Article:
After you finalize the adoption in Nepal, the Department of Homeland Security, U.S. Citizenship and Immigration Services must determine whether the child meets the definition of orphan under U.S. immigration law. You will need to file a Form I-600, Petition to Classify Orphan as an Immediate Relative.
6. Bring Your Child Home
Once your adoption is complete, you need to apply for several documents for your child before you can apply for a U.S. immigrant visa to bring your child home to the United States:
- 1. Birth Certificate
Adoptive parents must have the child’s original Nepali birth certificate. This will be the “Birth Registration Certificate” that is included in the child’s dossier for adoption that is kept on file at the child’s orphanage.
- 2. Nepali Travel Document
Your child is not yet a U.S. citizen, so he/she will need a travel document or passport from Nepal. Once you have obtained a new birth certificate, you need to obtain a travel document for your child through Nepal’s Ministry of Foreign Affairs. Generally, the Nepali travel document is valid only for one-way travel to the United States and countries en route. Please note that this is not a Nepali passport; the travel document is a limited document allowing passage only to the country where the adoptive parents reside.
- 3. U.S. Immigrant Visa
After you obtain the new birth certificate and Nepali travel document for your child, and you have filed Form I-600, Petition to Classify Orphan as an Immediate Relative, you then need to apply for a U.S. immigrant visa for your child from the U.S. Embassy in Kathmandu. This immigrant visa allows your child to travel home with you. As part of this process, the Consular Officer must be provided the Panel Physician’s medical report on the child.
You can find instructions for applying for an immigrant visa on the U.S. Embassy in Kathmandu’s website.
NOTE: You must have an approved Form I-600 petition before an IR-3 or IR-4 immigrant visa may be issued. You may file your Form I-600 petition at the U.S. Embassy in Kathmandu, provided you have a valid, approved Form I-600A on record. Please refer to USCIS.gov for Special Instructions for How and When to File Adoption Petitions on Behalf of Nepali Children. U.S. citizens should make appointments with the Consular Section at the U.S. Embassy in Kathmandu by calling (977-1-400-7200) or emailing (firstname.lastname@example.org) in advance to enable prompt response to their inquiry. The Consular Section is open for routine American Citizen Services Monday through Friday from 1:30 p.m. to 4:30 p.m.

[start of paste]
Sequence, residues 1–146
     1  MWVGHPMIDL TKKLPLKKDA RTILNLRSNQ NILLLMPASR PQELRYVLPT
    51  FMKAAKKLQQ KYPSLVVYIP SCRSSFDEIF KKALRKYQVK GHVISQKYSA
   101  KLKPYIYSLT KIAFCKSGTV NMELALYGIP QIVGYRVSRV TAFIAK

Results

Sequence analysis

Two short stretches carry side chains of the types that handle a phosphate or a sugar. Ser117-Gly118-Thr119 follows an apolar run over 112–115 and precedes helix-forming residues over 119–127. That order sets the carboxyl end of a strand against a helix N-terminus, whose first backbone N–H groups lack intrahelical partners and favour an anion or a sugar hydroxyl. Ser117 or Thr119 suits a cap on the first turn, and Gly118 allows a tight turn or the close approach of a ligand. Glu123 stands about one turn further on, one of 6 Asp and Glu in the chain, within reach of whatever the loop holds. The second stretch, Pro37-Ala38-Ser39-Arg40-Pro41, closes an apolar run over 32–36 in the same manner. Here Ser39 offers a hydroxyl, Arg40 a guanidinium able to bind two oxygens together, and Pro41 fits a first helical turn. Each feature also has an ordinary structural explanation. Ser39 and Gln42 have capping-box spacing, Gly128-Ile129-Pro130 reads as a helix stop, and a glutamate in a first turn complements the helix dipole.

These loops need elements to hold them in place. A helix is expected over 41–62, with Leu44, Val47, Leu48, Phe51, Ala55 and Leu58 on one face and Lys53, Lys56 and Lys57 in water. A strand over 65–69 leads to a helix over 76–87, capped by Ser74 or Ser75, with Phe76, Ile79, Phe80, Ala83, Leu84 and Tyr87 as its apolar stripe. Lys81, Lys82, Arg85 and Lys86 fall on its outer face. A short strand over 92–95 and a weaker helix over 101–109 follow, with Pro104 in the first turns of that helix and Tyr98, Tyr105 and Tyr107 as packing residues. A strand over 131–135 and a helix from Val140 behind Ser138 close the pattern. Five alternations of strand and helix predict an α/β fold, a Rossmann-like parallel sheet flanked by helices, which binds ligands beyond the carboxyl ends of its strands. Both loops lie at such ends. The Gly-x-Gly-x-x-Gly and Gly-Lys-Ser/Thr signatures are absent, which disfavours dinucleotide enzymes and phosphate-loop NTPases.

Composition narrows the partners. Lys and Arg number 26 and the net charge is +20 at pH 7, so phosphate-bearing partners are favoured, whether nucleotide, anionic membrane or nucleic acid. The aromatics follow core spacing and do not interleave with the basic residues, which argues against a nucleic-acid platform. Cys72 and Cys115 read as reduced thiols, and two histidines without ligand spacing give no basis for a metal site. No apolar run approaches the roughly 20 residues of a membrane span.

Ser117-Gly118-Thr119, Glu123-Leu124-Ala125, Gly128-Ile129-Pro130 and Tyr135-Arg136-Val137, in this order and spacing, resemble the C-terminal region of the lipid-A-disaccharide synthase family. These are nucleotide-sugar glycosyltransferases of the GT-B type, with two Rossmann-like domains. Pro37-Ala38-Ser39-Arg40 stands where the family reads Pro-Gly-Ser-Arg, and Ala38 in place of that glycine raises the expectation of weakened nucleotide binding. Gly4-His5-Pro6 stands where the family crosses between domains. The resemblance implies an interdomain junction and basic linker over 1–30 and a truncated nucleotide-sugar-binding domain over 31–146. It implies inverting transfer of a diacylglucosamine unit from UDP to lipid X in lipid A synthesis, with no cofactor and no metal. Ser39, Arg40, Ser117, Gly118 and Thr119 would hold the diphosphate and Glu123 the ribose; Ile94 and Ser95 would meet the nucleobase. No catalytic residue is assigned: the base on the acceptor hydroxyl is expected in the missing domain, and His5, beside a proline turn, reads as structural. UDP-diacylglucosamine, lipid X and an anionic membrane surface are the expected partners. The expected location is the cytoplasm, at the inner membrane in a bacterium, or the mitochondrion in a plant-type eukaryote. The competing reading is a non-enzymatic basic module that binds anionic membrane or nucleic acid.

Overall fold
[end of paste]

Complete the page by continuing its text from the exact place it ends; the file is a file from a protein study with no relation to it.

U.S. Embassy Kathmandu accepts payments for consular services by cash in either U.S. dollars or Nepal rupees or by most credit cards. Payments are only accepted at the U.S. Embassy Kathmandu’s Consular Section and should not be paid to a third party.
Note: Visa issuance after the final interview generally takes at least three working days, and it will not normally be possible to provide the visa to adoptive parents on the day of the interview. Adoptive parents should not make final travel arrangements before they receive the visa.
Prospective adoptive parents should also be aware that high levels of visa fraud in Nepal include fabricated documents and genuine documents fraudulently obtained. As a result, the U.S. Embassy in Kathmandu must carefully investigate all orphan visa cases to determine whether the child meets the definition of orphan under U.S. immigration law. The need for investigations may result in delays in the visa process. Cases deemed not clearly approvable by the U.S. Embassy in Kathmandu will be referred to the USCIS office in New Delhi, India for review.
Since there are no direct flights to the U.S. from Nepal, the U.S. Embassy recommends that adoptive parents confirm with the countries they plan to transit enroute to the U.S. regarding that country’s transit visa requirements, if any, for their Nepali child. Because the child will travel to the U.S. on a Nepali travel document (not a Nepali passport) visa requirements may vary from those of U.S. citizens.
To learn about the Child Citizenship Act please read The Child Citizenship Act of 2000.